Top Breast Cancer News of 2017
Dec 19, 2017
Risk of Breast Cancer Recurrence Can Last Up to 20 Years: The results of a new meta-analysis report a steady rate of recurrence for up to 20 years in women with early-state estrogen receptor (ER)-positive breast cancer despite 5-year treatment with adjuvant endocrine therapy. This risk extended to women with low-grade disease with a low risk of recurrence (absolute risk = 10%). Researchers noted a correlation between tumor node (TN) status and risk for metastatic recurrence. Women with T1N0 disease experienced a 13% risk for distant recurrence followed by 20% in T1N1-3 and 34% in those with T1N4-9. Risk of recurrence increased further in women with T2N0 (19%), T2N1-3 (26%), and T2N4-9 (41%). From study years 5 to 20, the absolute risk of distant recurrence among patients with T1N0 breast cancer was 10% for low-grade disease, 13% for moderate-grade disease, and 17% for high-grade disease. Corresponding risks for any recurrence or a contralateral breast cancer were 17%, 22%, and 26%, respectively. Read more. Image © Photographee.eu/Shutterstock.com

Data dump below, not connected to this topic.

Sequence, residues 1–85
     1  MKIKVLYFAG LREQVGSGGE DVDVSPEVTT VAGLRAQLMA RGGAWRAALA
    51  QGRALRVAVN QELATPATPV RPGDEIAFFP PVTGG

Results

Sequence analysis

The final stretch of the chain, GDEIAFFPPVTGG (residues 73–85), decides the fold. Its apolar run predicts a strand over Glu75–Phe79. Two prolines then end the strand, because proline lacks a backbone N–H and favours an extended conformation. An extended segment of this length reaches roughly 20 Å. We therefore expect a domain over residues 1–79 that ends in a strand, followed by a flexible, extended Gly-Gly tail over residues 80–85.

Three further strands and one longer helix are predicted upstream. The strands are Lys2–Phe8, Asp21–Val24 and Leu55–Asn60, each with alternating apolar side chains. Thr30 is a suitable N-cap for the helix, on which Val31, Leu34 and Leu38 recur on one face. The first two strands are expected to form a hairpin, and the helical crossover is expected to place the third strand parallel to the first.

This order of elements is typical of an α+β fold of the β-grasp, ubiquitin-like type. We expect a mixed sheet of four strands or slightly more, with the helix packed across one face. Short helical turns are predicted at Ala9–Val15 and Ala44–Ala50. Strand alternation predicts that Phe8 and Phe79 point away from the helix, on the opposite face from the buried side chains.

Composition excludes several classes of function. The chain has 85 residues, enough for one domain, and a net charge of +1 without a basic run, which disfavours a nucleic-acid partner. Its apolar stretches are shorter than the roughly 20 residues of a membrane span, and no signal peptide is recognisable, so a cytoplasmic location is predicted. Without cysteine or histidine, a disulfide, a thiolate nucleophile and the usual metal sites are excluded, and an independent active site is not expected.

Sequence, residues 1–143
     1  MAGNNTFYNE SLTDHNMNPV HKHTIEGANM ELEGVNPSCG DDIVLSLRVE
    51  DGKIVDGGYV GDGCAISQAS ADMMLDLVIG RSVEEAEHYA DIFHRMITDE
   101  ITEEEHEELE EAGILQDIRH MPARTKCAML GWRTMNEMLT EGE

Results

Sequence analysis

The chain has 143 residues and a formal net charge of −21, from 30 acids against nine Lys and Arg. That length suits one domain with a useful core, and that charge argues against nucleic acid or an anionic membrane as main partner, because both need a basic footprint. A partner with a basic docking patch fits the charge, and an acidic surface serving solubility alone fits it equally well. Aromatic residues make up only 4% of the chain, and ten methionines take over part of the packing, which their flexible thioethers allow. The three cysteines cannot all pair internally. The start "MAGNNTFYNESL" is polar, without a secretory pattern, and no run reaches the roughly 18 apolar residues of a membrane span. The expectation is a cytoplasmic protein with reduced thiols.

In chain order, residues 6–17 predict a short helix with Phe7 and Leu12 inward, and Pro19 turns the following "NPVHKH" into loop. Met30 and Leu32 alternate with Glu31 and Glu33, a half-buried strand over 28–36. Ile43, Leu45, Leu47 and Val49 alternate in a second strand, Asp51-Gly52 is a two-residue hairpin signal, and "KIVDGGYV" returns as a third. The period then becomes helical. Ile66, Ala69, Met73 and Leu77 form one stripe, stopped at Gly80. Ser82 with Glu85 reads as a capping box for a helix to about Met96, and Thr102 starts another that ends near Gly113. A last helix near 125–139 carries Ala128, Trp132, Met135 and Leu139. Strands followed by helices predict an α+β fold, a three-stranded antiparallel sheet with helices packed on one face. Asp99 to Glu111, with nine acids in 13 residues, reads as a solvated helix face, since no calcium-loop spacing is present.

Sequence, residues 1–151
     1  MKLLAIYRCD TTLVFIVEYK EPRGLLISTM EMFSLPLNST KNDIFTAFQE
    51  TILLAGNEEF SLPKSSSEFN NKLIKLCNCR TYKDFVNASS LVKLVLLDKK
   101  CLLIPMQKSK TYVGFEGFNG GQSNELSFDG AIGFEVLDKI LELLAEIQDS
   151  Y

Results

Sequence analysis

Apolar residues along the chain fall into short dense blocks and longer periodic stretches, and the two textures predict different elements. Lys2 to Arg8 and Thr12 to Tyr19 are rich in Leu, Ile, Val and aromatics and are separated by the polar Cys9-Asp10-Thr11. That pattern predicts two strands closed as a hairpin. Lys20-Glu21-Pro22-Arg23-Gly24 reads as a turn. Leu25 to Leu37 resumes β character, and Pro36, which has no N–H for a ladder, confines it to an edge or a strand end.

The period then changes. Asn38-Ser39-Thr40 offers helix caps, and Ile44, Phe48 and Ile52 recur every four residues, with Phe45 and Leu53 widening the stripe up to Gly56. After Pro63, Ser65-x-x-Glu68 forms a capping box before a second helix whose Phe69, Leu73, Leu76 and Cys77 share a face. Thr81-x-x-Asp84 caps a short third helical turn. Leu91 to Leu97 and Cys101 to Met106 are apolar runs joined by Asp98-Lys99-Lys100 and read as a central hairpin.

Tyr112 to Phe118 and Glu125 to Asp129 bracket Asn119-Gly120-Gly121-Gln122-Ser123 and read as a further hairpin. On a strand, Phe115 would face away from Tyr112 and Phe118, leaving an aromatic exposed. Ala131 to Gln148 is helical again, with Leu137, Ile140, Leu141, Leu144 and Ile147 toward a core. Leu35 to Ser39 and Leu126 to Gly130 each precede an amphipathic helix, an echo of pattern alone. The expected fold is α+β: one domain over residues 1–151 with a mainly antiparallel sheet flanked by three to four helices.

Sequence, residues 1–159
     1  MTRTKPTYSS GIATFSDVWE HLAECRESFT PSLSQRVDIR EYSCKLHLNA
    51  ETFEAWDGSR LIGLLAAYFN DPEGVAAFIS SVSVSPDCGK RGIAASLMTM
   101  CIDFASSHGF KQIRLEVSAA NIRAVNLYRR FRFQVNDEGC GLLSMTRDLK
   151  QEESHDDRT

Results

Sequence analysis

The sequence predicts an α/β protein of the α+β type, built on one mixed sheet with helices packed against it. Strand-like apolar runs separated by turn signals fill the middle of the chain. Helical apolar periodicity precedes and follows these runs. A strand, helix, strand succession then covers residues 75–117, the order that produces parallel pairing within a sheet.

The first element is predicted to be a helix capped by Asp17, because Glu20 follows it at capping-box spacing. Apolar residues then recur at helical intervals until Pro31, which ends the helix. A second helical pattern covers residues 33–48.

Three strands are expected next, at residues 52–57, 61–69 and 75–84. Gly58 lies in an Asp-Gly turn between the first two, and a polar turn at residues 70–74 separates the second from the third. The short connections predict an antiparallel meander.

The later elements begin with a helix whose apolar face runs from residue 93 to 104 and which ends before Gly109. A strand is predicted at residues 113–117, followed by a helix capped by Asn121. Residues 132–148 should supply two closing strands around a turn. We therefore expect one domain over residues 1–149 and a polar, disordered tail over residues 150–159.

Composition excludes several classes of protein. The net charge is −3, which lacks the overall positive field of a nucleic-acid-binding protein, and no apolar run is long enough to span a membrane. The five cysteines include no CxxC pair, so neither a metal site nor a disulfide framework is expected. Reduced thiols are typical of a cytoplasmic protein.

Acupuncture Reduced AI-Related Joint Pain in Early-Stage Breast Cancer: Results of the Southwest Oncology Group (SWOG) S1200 trial presented at the 2017 San Antonio Breast Cancer Symposium reported a significant reduction in aromatase inhibitors (AIs) in postmenopausal women. The study compared acupuncture to sham acupuncture and no treatment at all. Study results report that at 6 weeks, study subjects who received true acupuncture had a significantly lower Brief Pain Inventory–Short Form (BPI) compared with the other two study arms. Results also noted that more 58% of the true acupuncture participants had a 2-point change in pain versus the other arms (31% sham, 30% control). Researchers report that the differences remained significantly at the 24 week assessment point. Read more. Image © Leonardo da/Shutterstock.com
Long-Term Insulin Analog Use Linked With Increased Breast Cancer Risk: A recent study evaluating the risk of breast cancer in women with type 2 diabetes receiving glargine, detemir, or neutral protamine Hadedorn (NPH) insulin, reports an increased risk in women taking glargine. Breast cancer incidence risk in women taking detemir is unclear. Of the 9,575 women in the study who received glargine, 176 were diagnosed with breast cancer with an adjusted hazard ratio (HR) for breast cancer of 1.44 (95% CI, 1.11–1.85); the HR for detemir was 1.17 (95% CI, 0.77–1.77). Risk was noted to increase at the 5-year mark after starting glargine and after receiving more than 30 glargine prescriptions. Researchers report that the results in increased risk for breast cancer development were limited to women with a history of using insulin in the past: 1.53 (95% CI, 1.10–2.12) versus new users of insulin in which a significant risk was not seen. Read more. Image © Powerphotos/Shutterstock.com